I was big—so it was no surprise when my strength was summoned to help move a large shake machine back in my Burger King days (a long time ago!). As my side of the machine sagged, a person not known for mincing words said in no uncertain terms my muscles were not that impressive.
It was the second time that I had received this comment. Another time was when a huge Nicaraguan man—a beast who would let me throw punches at his rock hard stomach, accused me of having muscles filled with air.
I could bench and curl a lot—and that was it. It didn’t help me much in real world applications. Then, in 2003, I discovered the writings of Pavel Tsatsouline. I learned a ton, but the main thing was having strength in the posterior chain, and I developed this through deadlifts and the kettlebell swing.
Additionally—and this is important—was hand and ab strength. You put all this together and you have a ton of usable strength. For in the grand scheme of things, we’re a picking stuff up, carrying it, and walking kind of species.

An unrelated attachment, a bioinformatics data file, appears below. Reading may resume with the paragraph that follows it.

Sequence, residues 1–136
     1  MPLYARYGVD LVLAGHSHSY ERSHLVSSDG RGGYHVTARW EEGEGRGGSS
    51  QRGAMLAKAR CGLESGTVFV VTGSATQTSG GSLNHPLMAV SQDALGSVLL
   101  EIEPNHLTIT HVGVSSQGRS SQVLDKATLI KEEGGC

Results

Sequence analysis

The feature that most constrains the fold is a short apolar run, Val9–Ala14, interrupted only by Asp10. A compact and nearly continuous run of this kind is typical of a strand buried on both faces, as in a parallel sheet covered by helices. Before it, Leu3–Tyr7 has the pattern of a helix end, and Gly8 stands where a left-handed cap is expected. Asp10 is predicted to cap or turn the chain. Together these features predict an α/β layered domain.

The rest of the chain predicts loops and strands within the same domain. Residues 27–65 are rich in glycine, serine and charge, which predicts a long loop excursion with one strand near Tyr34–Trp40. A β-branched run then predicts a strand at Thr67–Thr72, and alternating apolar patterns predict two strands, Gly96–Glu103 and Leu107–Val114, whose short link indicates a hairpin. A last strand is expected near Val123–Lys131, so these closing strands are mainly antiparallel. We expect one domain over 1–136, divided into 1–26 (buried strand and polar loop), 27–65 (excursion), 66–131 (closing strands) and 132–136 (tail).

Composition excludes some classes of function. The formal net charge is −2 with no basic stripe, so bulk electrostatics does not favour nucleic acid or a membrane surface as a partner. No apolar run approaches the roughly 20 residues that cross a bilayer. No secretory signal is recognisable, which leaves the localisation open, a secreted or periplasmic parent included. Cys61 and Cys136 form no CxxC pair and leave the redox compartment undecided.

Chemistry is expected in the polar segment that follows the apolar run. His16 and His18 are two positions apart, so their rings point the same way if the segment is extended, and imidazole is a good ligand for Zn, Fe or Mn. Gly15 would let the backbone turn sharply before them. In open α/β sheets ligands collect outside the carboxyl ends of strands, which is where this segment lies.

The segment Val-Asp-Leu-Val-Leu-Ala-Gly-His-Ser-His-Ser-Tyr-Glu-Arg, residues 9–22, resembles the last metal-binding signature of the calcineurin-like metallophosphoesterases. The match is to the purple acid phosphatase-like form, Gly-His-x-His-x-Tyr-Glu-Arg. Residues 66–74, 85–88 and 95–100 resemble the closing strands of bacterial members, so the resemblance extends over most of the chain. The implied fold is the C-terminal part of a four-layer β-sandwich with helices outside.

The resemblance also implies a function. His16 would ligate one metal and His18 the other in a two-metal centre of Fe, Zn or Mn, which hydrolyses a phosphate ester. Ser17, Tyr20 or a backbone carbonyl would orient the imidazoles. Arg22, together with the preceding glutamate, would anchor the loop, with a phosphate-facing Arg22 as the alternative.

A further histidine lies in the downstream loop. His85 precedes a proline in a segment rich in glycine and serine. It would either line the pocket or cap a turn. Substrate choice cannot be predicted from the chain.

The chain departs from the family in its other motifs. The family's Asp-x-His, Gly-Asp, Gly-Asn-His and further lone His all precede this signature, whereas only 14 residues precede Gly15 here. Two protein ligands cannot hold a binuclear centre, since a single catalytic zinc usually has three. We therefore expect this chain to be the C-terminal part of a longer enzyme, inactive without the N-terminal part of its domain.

Fast forward a decade or so after that shake machine incident and now I have a strong posterior chain, strong hands, and strong abs. I can bend over and scoop up my kids. I can run and play. I can climb trees. I can get that stupid, unwieldy double stroller out of the trunk.
That’s the basic component of exercise—developing capability. Not having to shy away from physical tasks. Having good posture. Staying with the program and developing the self discipline of hard work employed consistently over time.